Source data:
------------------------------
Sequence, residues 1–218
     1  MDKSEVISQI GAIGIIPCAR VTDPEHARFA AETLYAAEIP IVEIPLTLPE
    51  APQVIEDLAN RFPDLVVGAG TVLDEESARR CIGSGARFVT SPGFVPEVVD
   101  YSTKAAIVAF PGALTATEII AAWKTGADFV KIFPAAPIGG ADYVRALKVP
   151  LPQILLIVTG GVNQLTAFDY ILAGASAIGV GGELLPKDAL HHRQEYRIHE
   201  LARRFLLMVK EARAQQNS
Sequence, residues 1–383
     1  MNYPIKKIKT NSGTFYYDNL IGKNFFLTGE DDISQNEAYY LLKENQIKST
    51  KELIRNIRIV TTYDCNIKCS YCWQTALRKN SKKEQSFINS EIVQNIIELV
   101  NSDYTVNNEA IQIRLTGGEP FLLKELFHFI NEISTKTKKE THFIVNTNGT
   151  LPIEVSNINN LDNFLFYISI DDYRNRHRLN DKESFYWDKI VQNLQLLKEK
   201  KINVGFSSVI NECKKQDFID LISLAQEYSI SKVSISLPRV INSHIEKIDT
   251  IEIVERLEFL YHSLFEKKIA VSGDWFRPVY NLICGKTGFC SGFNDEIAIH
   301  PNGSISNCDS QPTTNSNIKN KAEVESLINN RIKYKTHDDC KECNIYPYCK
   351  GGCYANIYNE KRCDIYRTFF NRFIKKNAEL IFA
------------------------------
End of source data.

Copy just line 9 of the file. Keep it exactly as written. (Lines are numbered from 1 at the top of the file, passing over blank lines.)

    51  KELIRNIRIV TTYDCNIKCS YCWQTALRKN SKKEQSFINS EIVQNIIELV